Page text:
As I finished, I looked around the table at the expressions of people wanting to help but not sure where to begin. I felt loved and cared for as each of my friends provided feedback on what he or she saw was working or not, trying to help me nail down the root causes. As I listened to each comment, I tried it on to see how I might change my approach. Everything said was helpful and everything was accurate. I felt grateful that we would spend such an inordinate amount of time on me and my writing.

Afterwards, Iris and I talked over dinner at 20 Railroad Street. I sorted through all the guidance I'd received still feeling that I hadn't got to the root of the problem. After an hour, I felt no closer to an answer. I had lots of things in mind that I could do differently, but nothing that felt "core".

Friday morning, I awoke to the sounds of a parade--a parade of work items and undone tasks marching through my brain. I determined to do my least favorite ones first, saving the best for last. As I sat at my desk, I noticed my mind moving quickly, wholly focused on "getting things done."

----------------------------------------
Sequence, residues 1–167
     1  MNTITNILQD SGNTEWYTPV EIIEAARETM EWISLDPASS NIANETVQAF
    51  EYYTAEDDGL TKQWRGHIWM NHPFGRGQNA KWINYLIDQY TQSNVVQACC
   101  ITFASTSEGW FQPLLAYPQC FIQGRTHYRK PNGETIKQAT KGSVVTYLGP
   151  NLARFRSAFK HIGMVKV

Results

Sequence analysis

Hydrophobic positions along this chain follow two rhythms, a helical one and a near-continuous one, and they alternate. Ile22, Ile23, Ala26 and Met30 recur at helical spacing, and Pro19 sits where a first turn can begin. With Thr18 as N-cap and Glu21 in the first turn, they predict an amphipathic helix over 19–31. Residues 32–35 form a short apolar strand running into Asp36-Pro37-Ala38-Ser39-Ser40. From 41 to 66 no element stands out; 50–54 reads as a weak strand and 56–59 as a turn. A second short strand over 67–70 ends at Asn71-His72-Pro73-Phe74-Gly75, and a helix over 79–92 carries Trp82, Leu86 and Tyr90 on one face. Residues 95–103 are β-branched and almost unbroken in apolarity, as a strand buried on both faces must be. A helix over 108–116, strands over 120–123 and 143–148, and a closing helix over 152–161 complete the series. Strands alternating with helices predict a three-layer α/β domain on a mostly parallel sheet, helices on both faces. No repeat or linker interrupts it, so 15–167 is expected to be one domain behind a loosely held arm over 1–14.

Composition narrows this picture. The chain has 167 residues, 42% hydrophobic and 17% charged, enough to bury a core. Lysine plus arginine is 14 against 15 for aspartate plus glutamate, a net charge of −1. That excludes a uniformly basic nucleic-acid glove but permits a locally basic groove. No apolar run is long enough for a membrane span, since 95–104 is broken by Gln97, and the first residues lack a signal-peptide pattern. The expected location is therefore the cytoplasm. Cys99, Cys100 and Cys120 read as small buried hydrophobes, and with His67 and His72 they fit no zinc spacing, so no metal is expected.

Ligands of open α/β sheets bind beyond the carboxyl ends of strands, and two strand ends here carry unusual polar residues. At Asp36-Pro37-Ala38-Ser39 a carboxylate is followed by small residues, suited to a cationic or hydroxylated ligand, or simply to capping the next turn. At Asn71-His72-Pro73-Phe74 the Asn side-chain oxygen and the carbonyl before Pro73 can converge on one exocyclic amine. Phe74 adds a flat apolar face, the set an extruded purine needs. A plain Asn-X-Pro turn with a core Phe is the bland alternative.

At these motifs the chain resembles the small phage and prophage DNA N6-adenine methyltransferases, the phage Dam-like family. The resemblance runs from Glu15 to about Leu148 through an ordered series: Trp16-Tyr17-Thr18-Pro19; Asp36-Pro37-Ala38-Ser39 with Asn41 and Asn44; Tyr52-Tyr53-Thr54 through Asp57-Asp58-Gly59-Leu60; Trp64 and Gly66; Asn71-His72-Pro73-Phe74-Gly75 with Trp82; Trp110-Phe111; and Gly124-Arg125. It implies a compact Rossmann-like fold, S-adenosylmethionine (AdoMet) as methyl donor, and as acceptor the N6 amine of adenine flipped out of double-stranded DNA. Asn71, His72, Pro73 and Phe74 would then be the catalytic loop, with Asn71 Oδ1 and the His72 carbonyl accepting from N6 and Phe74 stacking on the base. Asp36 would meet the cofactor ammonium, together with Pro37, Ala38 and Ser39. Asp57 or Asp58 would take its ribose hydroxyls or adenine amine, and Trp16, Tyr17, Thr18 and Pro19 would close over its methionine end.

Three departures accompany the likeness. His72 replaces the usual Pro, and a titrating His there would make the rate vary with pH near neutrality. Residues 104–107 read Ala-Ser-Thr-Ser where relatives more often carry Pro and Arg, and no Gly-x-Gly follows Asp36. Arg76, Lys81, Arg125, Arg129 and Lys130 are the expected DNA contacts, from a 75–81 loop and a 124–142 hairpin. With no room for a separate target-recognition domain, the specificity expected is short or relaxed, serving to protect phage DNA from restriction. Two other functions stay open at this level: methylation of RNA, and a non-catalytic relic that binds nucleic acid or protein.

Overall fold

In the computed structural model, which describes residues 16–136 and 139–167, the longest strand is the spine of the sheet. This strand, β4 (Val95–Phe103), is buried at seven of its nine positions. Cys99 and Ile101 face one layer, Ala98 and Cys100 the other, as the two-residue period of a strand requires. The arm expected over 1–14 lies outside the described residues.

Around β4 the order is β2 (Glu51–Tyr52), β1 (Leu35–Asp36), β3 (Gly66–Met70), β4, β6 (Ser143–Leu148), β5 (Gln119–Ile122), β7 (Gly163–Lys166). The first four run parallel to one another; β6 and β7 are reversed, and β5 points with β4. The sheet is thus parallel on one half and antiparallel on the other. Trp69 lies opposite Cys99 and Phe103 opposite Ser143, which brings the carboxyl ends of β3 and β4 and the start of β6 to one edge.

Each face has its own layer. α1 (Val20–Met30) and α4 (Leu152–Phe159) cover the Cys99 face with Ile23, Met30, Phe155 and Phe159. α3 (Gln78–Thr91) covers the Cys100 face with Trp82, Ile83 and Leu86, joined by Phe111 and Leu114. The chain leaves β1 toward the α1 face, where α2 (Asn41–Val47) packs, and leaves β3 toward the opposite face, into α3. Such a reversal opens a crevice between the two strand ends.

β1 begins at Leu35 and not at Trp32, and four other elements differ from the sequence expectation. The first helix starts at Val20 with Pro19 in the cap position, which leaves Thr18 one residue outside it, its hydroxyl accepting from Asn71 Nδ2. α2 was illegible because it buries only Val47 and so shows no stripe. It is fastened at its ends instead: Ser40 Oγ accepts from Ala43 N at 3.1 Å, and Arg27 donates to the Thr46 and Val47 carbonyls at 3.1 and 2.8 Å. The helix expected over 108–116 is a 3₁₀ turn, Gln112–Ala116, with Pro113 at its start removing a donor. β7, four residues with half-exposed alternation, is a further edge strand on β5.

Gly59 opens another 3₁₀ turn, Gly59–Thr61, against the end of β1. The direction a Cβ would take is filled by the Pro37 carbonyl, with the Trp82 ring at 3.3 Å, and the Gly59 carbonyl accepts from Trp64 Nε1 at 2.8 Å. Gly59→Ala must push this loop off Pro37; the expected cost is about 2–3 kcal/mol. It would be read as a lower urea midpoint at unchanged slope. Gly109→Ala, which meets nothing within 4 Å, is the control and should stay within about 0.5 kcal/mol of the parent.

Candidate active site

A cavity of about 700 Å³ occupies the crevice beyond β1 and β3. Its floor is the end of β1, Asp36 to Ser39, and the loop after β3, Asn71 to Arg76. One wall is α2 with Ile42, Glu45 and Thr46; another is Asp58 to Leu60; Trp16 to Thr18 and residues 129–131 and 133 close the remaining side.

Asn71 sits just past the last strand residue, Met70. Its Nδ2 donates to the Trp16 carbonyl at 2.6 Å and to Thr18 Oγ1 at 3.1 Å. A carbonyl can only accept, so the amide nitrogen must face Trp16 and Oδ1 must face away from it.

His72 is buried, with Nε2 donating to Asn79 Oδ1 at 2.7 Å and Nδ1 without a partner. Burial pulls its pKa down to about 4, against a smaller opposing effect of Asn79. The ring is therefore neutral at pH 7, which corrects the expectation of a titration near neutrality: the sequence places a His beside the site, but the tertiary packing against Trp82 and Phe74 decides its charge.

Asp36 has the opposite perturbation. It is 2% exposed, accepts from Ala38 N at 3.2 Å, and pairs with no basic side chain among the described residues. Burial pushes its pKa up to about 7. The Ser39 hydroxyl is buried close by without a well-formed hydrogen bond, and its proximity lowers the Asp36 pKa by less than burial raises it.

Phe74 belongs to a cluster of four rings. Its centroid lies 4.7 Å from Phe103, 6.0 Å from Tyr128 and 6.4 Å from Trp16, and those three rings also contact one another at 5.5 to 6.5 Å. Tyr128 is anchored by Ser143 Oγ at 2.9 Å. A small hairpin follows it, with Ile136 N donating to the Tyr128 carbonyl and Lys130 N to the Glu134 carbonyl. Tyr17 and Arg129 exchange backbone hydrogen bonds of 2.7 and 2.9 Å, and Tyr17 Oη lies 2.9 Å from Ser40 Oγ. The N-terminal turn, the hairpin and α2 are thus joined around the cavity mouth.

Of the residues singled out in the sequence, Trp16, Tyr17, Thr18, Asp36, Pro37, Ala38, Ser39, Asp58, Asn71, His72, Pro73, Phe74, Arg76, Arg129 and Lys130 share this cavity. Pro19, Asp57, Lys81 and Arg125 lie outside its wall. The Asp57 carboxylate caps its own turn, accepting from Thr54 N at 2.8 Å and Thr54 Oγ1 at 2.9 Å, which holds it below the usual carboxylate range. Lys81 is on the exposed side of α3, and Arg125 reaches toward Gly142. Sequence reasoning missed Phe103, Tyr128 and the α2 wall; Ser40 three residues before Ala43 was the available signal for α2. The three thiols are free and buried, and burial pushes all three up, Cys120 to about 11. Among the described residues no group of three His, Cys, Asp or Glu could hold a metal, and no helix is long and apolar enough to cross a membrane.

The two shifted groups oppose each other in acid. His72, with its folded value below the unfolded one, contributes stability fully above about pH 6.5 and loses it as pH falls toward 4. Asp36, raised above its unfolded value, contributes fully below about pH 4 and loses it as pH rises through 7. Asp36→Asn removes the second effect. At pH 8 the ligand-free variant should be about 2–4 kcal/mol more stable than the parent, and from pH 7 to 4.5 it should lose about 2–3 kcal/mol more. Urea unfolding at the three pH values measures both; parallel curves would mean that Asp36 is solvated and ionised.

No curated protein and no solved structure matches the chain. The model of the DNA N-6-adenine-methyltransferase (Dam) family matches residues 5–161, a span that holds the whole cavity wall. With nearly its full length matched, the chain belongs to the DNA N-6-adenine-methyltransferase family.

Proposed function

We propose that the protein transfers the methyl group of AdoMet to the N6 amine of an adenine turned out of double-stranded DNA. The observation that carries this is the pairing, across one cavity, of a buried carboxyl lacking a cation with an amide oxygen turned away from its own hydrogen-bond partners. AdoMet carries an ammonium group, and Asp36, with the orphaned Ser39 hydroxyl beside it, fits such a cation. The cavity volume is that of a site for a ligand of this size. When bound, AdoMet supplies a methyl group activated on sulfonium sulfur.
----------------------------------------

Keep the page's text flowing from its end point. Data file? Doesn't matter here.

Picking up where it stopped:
I stopped.

I asked myself, "So, how you feeling right about now."

I answered, "Ummm... Stressed, I guess."

"How come?"

"Because I've got more work to complete today than I've got time, and most of it is drudgery."

"What do you mean by drudgery?"

"You know, boring, been there, done that, no challenge to it, nothing new."

And that's when it hit me. The core challenge with my writing was that I'd worked out the entire plot and now all that was left to do was to transcribe it, a clerical task in which I have no particular interest. Normally when I write, I just write. I have no notion of who the subject is or where the story will lead me. It simply unfolds as I go and that keeps my interest. Once I know the story, I never go back to it.